Jakub J. Grygiel has argued that a successful foreign policy strategy conceptually requires the alignment among the physical reality of Geography, the changing Geopolitical distribution of centres of resources and lines of communication, and Geostrategy as the geographic direction of a state’s foreign policy. The problem is that for the UK to tilt globally to the Indo-Pacific is geographically challenging, to say the least, in a context where the regional level (in this case the EU) has become geopolitically more relevant than the global one. This Indo-Pacific geo-strategy is doomed to fail for, brilliantly, not understanding, at the same time, the geographical constraints of proximity (of a middle-sized island locked in the north-western part of Europe) and the geopolitical changes (of an international system becoming more multipolar and regional).
In addition to that, in my view the IR doesn’t go far enough in thinking through the implications of, and the possible realistic responses to, the current crisis of the liberal international order, which was designed and supported by the US and its allies after WWII.
The IR acknowledges that ‘illiberal’ powers are revisionist powers which will try to shape the future world order, but it doesn’t regard this as an epoch-making process of transformation beyond its liberal and Western-centric matrix. In other words, the IR doesn’t really engage with the gradual ideological transformation of the normative structure of international society, first of all visible in the global resurgence of cultural and religious pluralism as well as in the quest for cultural authenticity and civilizational states in the non-Western worlds.
In my view, whether it is the issue of democracy, human rights or secularism, it is becoming increasingly clear that the merging of ‘modern’ political values and practices with traditional local cultural references and ways of living will be the rule rather than the exception in a post-Western post-liberal world. And the different religious traditions of Islam, Confucianism, Hinduism, Buddhism, Christian Orthodoxy, to other civilizational traditions, will act as cultural sources for the enactment of different programmes of modernity.
A new multipolar world in a context of civilizational politics and multiple modernities require a new strategic thinking and different forms of literacies in the West that are, I am afraid, not yet available. Willy-nilly we need to imagine a pragmatic exit strategy from the Western-centric and liberal international order towards a rule-based international system that will need to accommodate much more the interests, values and cultures of the non-Western world. We need a conceptual and political framework to answer this momentous challenge and help to shape the future international order of the 21st century but I am afraid the IR doesn’t rise to this challenge.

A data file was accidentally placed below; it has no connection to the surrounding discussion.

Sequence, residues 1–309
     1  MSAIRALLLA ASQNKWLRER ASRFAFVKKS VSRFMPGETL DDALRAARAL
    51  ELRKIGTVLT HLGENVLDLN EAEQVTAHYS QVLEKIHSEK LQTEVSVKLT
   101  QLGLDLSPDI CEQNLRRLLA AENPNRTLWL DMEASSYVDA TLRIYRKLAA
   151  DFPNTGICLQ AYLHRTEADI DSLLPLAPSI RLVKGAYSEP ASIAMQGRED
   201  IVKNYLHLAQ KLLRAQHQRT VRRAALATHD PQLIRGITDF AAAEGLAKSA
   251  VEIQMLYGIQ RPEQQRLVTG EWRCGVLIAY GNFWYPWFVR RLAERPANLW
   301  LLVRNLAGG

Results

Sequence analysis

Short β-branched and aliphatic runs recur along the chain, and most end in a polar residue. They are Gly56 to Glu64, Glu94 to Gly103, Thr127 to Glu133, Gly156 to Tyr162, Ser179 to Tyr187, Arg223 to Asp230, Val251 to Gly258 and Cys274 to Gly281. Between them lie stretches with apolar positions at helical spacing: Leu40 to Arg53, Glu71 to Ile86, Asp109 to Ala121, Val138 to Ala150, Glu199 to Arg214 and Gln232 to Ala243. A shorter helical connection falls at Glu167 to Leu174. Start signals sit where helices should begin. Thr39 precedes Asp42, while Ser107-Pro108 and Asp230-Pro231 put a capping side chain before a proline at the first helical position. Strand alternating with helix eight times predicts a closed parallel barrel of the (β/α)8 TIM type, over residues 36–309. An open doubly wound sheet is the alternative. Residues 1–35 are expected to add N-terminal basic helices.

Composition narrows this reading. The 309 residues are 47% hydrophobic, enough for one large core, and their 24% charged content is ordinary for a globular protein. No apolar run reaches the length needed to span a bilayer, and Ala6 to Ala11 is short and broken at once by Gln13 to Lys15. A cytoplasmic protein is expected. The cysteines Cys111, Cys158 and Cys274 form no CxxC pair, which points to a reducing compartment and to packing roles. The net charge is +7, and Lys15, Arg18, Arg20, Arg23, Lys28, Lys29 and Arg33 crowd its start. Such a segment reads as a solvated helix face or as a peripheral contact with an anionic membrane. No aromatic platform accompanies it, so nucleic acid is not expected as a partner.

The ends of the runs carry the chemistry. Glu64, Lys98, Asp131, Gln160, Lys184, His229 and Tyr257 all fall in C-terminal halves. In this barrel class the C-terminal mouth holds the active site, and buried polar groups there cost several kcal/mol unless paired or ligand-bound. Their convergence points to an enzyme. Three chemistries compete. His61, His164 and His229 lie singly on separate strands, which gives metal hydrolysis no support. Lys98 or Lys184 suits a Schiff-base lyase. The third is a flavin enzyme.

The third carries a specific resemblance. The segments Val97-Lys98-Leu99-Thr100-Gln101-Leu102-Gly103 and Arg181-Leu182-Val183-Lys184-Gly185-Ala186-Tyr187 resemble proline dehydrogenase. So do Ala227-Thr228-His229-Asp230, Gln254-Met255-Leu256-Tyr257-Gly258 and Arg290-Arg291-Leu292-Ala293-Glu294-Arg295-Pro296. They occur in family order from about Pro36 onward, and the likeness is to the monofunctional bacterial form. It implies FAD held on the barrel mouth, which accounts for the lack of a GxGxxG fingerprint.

This might seem a set of very general philosophical statements and issues. The ones that foreign policy practitioners tend to dismiss as too theoretical and, to some extent, I accept this point. I would argue, however, that this issue will become concretely visible when the Prime Minister will visit India at the end of next month as a foretold foundational trip to unlock the opportunities of the Indo-Pacific tilt.
Will India accept the framing of the meeting only in terms of liberal categories, as the meeting with the largest democracy in the world? Will Narendra Modi’s strongly held belief that India is a civilizational state rooted in Hinduism be irrelevant to his dealings with the former colonial master, when just a week ago, pointing out that the country would be celebrating 75 years of its independence next year, the Indian PM Modi argued for enhancing the indigenisation in the national security system. Not just in sourcing equipment and weapons but also in the doctrines, procedures and customs practised in the armed forces?
Some years ago, in a pre-Brexit world, Patrick Porter complained, in an interesting piece, that the UK doesn’t do grand strategy. In this respect the RI is a welcome development. I wonder, however, if an ethnocentric strategy of post-Brexit imperial nostalgia fits the ancient Latin motto that sometimes the remedy maybe worse than the disease.
Fabio Petito, University of Sussex & ISPI.